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Employment has been the major pathway off welfare (Aid to Families With Dependent Children -
AFDC) in Washington State. Employment has also been emphasized in recent welfare reform
proposals at the national level. Because most women on welfare earn low hourly wages when they
work, it is difficult for them to leave and stay off welfare.
This paper examines the reasons why women on welfare increased their hourly wages, above their starting wage, while they were employed during the Family Income Study period. Starting wages depended upon womens educational level, previous work experience, age, and local labor markets.
The 1993 Legislature passed ESHB 1408, which established a statewide media campaign and local community-based programs to prevent teenage pregnancy. The overall goal of the legislation was to reduce teen births. The legislation called for the community-based programs to be evaluated by changes in teenage pregnancy rates in each county. This report provides the results of a review of teenage child birth rates for Washington State and for each of the 39 counties.
This report provides preliminary results from an outcome evaluation of the community-based teen pregnancy prevention program, known as the "advocacy program," that began its services in Lewis and Mason Counties in July 1994. This evaluation covers the period July 1994 through 1995. The advocacy program was one of 12 community-based programs selected by the Department of Health (DOH) to receive state funds under ESHB 1408.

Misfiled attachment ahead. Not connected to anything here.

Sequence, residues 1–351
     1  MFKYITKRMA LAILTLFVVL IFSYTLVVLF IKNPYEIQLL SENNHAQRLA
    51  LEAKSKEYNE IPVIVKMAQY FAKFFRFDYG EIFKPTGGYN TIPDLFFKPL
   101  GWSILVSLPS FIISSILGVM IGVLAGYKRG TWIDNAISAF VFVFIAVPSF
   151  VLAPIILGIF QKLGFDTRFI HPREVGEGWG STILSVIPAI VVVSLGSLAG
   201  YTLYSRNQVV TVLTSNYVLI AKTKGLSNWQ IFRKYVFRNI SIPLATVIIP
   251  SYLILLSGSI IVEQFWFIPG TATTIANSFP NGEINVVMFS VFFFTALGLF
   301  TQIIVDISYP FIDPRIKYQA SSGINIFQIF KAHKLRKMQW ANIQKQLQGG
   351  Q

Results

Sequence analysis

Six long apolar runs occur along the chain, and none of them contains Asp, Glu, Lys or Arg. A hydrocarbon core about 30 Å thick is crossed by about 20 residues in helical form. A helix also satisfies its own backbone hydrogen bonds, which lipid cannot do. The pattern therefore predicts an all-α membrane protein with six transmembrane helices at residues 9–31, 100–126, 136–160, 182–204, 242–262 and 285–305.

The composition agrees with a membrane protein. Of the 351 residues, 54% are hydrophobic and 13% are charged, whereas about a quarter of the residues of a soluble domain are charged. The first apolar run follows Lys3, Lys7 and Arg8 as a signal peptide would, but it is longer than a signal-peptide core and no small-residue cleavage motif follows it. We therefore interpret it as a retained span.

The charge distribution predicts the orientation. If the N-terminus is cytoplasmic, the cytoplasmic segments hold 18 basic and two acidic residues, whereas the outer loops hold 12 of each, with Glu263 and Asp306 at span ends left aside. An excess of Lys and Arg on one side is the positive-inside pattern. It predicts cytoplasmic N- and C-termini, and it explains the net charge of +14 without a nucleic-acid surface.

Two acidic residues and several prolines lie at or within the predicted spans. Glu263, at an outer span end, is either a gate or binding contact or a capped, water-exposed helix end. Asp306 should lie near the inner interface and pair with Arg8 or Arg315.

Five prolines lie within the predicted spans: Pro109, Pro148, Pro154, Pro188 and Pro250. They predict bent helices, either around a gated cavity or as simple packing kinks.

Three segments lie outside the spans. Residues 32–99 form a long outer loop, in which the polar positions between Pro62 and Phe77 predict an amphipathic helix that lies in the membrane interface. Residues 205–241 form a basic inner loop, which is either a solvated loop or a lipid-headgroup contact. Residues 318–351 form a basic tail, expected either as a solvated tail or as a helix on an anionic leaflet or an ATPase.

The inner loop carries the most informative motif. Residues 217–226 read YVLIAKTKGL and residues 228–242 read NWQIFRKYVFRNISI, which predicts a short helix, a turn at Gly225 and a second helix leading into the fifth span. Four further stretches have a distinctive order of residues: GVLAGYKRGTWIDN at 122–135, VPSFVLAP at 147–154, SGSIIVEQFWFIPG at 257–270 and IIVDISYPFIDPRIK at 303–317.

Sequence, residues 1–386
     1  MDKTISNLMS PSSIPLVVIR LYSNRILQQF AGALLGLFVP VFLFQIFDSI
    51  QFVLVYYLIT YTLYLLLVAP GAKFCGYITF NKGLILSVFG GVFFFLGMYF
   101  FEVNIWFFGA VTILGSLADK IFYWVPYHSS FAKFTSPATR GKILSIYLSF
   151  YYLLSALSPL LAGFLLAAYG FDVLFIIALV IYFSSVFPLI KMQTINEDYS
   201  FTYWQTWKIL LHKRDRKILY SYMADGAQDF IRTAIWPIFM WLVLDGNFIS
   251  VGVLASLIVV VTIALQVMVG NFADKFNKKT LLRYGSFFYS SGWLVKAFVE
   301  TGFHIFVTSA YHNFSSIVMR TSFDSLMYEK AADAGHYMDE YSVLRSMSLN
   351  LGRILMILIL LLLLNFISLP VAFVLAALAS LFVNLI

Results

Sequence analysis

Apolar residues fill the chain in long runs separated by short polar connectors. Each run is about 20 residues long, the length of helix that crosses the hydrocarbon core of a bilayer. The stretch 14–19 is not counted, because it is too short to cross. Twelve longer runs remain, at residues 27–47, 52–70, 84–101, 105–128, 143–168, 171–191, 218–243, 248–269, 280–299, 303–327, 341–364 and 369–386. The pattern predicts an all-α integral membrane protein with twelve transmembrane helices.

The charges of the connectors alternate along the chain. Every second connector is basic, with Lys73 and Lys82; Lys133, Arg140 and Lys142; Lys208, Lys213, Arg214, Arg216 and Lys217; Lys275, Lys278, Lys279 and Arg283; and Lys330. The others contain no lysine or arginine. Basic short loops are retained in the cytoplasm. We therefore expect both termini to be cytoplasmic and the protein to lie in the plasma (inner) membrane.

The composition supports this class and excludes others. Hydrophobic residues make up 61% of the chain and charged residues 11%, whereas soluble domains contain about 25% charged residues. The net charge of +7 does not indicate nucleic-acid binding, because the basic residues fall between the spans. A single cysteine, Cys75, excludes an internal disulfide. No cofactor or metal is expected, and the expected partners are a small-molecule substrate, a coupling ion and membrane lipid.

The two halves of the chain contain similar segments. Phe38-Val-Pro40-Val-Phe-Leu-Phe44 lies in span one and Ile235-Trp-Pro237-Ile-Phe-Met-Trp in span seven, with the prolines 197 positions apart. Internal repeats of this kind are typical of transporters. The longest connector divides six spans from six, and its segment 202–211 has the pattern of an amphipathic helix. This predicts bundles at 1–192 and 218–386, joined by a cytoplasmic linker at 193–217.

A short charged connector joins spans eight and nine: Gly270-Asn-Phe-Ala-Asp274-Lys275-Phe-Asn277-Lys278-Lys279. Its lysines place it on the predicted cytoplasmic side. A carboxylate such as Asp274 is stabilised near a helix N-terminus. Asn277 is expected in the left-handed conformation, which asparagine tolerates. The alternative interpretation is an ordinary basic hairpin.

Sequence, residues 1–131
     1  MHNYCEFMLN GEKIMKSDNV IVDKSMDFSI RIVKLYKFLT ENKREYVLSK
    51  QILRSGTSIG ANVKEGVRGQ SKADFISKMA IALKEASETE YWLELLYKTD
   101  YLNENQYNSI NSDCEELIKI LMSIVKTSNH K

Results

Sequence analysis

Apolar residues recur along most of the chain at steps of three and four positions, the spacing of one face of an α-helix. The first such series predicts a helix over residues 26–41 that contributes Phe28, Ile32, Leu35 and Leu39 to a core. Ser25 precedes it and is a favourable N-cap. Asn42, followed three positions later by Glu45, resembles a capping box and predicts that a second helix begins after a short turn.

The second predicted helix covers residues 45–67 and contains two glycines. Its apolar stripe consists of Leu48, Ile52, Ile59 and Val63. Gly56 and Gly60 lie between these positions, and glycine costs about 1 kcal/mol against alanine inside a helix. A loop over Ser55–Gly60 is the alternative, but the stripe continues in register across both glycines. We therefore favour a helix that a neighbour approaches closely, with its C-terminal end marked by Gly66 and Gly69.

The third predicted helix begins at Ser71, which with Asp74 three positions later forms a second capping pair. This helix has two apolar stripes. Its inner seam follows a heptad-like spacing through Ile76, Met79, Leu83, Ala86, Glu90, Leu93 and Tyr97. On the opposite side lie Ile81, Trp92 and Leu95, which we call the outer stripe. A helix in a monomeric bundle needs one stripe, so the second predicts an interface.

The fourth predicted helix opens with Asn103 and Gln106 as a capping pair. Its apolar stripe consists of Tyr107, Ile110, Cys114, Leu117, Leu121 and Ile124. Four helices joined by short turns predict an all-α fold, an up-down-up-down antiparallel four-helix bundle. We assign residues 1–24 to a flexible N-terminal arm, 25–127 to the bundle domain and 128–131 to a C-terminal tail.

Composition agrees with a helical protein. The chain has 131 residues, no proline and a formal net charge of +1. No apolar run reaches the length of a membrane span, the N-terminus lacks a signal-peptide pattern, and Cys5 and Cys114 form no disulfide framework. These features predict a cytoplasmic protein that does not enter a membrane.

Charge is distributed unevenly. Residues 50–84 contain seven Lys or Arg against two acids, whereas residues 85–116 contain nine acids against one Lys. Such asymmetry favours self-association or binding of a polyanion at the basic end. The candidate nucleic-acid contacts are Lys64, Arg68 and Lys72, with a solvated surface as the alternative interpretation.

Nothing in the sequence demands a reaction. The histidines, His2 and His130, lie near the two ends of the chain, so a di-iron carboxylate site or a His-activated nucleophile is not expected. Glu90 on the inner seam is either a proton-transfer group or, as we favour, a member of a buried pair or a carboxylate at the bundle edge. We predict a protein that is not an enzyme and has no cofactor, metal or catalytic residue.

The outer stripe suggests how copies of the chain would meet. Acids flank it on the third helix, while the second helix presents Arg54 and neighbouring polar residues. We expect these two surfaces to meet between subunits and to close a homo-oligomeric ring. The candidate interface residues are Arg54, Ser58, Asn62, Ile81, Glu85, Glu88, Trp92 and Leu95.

This paper discusses the possible impacts of the federal Earned Income Tax Credit (EITC), a cash refund, on low income families in Washington State. Both Washington State's minimum wage and the federal EITC were increased in 1994. These two increases meant that a woman could have a higher potential income from working at the minimum wage than she would have from welfare, or when compared to the federal poverty guideline or the Washington Need Standard.
This analysis examines actual monthly income and expenses for families that left and successfully stayed off AFDC for at least three consecutive years, during 1988-1992. It also examines the relationship of marital status to staying off welfare.
In 1990 the Washington Legislature responded to the requirements of the federal 1988 Family Policy Act and created a presumptive statewide schedule for child support determination. In 1993, the Washington State Institute for Public Policy was asked by legislative leaders to analyze patterns of actual child support orders, to compare the state's support schedule with other states, and to compare the guidelines to the cost of raising children. To conduct this research, the Institute relied on a sample of child support summary reports, which are completed in county superior courts when child support decisions are made. The time period for the reports in the sample was between June 1993 and May 1994.
In 1990, the legislature directed the Washington State Institute for Public Policy to study the effectiveness of the Special Sex Offender Sentencing Alternative (SSOSA). Legislators wanted to know if this treatment option, which allows judges to order community treatment for eligible sex offenders, compromised public safety. This publication reports on three studies regarding sex offenders that are designed to answer policymakers' questions. Each study addresses a particular aspect of recidivism.
The Family Income Study's December 1994 issue brief, Climbing the Wage Ladder, found that women who had worked at least three months in any year during the five-year study period (1988-1992) climbed the wage ladder. This paper updates that analysis and reports the 1994 equivalent wages.
This brief looks at who is on welfare in Washington and how this relates to length of stay on AFDC.